Emma Harper MSP says language around tackling obesity in Scotland needs to be more ‘powerful’

The co-convener of an all-party group on health inequalities has said the language around tackling obesity in Scotland needs to be more “powerful”.

At a Holyrood side event at the SNP conference in Aberdeen, Emma Harper said inequality and busy lifestyles were contributing to an “obesogenic environment” in Scotland.

She said: “When I think of [the word] obesogenic, I’m thinking of the word carcinogen which is such a powerful word, so maybe the language needs to be louder and more powerful in order to help and support and engage people as well.

Holyrood editor Mandy Rhodes, who chaired the event, referred to a survey of GPs who were too embarrassed to talk to patients about the impact of what they eat.

SNP councilor Nadia El-Nakla, a psychotherapist working with people with eating disorders, said it was important not to stigmatize people for eating certain foods.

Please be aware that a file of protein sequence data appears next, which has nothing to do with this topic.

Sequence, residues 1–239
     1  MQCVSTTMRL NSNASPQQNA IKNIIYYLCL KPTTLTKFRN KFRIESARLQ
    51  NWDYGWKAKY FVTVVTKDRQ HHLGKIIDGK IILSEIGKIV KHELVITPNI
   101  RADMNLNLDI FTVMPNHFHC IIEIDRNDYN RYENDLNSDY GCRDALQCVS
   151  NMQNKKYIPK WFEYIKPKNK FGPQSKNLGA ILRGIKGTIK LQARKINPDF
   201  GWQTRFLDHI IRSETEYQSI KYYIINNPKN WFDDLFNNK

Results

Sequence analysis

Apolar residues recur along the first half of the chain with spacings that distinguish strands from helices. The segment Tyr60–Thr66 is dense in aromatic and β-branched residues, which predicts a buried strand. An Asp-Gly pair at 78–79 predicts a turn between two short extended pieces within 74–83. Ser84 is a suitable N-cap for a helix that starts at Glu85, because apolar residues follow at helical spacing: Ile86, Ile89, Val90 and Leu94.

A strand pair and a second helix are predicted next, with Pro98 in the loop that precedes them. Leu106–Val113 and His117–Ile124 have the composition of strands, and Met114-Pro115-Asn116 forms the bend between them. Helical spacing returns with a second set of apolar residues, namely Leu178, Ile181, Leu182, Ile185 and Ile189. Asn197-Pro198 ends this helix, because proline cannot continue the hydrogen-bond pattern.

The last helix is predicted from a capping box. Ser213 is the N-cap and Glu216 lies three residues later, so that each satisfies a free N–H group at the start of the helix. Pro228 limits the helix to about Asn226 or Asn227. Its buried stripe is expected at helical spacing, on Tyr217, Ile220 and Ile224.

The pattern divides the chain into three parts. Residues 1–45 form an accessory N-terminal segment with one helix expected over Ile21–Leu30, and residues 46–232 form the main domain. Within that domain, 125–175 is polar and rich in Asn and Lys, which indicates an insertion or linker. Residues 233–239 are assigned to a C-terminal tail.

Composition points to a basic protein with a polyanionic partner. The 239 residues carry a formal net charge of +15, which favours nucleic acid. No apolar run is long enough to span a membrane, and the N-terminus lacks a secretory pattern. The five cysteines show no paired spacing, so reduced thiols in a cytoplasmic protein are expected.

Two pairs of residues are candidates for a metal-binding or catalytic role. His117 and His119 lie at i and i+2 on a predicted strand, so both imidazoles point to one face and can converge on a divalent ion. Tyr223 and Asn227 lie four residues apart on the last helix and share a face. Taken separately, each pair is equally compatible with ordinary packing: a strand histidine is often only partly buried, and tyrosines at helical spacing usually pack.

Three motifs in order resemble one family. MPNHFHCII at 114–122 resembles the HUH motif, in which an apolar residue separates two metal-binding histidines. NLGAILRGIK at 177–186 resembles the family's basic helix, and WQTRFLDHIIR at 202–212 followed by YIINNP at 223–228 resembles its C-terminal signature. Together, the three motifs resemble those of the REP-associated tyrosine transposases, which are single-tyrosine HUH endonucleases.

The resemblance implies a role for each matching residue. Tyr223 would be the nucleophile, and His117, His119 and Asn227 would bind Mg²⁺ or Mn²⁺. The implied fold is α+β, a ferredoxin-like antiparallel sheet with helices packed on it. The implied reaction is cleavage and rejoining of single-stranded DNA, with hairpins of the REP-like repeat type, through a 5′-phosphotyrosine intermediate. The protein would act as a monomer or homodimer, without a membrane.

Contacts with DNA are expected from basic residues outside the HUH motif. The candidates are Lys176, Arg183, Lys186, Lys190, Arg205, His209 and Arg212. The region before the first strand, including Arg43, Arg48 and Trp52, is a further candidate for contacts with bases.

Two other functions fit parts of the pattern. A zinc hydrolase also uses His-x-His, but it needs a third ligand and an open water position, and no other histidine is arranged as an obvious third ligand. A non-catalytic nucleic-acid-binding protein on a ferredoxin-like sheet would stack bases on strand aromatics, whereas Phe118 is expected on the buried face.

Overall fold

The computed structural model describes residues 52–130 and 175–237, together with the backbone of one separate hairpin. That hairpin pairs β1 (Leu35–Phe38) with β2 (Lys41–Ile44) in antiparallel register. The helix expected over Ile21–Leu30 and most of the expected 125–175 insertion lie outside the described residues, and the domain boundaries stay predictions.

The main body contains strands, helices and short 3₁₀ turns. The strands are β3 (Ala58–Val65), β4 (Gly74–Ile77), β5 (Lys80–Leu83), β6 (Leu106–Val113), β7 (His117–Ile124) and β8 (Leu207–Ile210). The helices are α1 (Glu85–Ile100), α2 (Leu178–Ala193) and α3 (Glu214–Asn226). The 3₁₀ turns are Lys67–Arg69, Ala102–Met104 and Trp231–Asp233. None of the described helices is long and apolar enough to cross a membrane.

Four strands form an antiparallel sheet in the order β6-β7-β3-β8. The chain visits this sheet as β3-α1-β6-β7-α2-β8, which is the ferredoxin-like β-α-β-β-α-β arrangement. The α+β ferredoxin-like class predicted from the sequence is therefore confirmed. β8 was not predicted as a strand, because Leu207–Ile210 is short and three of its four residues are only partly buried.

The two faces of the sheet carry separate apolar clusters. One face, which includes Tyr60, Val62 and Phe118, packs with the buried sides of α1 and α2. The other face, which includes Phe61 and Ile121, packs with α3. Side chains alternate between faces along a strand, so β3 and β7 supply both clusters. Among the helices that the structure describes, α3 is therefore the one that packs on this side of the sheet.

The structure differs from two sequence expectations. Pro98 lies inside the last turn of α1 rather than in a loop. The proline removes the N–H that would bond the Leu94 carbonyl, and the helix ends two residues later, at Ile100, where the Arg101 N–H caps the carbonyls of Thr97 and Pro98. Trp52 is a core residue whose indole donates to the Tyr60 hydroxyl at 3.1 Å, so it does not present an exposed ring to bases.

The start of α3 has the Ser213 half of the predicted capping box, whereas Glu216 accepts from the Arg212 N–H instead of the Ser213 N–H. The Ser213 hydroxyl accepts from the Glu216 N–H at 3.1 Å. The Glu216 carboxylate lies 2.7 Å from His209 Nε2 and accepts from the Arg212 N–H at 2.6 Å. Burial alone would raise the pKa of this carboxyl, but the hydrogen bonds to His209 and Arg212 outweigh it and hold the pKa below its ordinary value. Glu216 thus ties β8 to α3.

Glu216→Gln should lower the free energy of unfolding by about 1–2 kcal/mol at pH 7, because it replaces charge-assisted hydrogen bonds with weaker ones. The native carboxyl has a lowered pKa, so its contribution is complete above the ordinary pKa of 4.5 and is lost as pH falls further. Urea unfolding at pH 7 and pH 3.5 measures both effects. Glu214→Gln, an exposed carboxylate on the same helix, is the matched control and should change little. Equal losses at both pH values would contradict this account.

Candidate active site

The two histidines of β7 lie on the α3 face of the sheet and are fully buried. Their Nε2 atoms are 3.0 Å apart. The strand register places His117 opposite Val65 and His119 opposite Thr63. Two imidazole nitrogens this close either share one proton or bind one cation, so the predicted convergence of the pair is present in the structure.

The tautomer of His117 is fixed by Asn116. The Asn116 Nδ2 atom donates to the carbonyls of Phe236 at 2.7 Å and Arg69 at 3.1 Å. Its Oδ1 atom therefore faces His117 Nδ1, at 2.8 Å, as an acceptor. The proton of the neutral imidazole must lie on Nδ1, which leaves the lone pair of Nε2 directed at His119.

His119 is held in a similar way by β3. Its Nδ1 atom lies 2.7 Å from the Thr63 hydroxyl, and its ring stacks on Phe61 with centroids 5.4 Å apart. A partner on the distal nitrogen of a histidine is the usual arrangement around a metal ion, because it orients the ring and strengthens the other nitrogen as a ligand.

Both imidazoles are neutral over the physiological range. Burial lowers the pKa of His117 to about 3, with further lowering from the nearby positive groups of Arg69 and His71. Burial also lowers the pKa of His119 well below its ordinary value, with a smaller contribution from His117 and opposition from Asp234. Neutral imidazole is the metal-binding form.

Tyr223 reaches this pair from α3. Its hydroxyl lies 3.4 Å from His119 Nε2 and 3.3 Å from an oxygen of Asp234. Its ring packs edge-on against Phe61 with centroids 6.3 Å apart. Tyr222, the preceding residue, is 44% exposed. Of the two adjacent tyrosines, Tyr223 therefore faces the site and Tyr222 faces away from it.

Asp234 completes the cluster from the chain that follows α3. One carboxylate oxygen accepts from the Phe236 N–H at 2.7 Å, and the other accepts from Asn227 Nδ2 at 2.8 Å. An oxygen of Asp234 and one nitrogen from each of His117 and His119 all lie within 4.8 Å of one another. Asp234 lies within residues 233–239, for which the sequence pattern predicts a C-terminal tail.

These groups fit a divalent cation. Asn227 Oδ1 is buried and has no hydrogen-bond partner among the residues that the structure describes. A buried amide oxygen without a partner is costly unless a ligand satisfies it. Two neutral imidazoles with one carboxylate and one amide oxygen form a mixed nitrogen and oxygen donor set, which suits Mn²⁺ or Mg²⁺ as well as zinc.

She said: ‘I would ask you to try changing the language, so it’s not so triggering that you do something wrong by eating this.

“Intuitively eating, having what you crave, and realizing that you might be having a ‘bad day’, that word bad is self-reprimand.

“It’s really dangerous because women and men are dying from these things. [eating disorders]. As you said, there are many facets, but it has to be kept in mind.

Jim Fox, head of public affairs for Coca-Cola Europacific Partners, and David Thomson, CEO of the Food and Drink Federation Scotland, joined Harper on stage.

Harper made it clear to the public that she thought it was important to sit up and listen to food and drink companies in the discussion of how to improve obesity in Scotland.

She read a statement from the all-stakeholder group on health inequalities, making it clear that “the all-stakeholder group in no way condones this event” and that it would prevent health discussions from being “distorted and derailed by promoters of products harmful to health”. .”

Asked MSP if she thought they should be involved in the conversation, she replied: “I think so, they should be. How can you chat with them if they’re not even in the room? »

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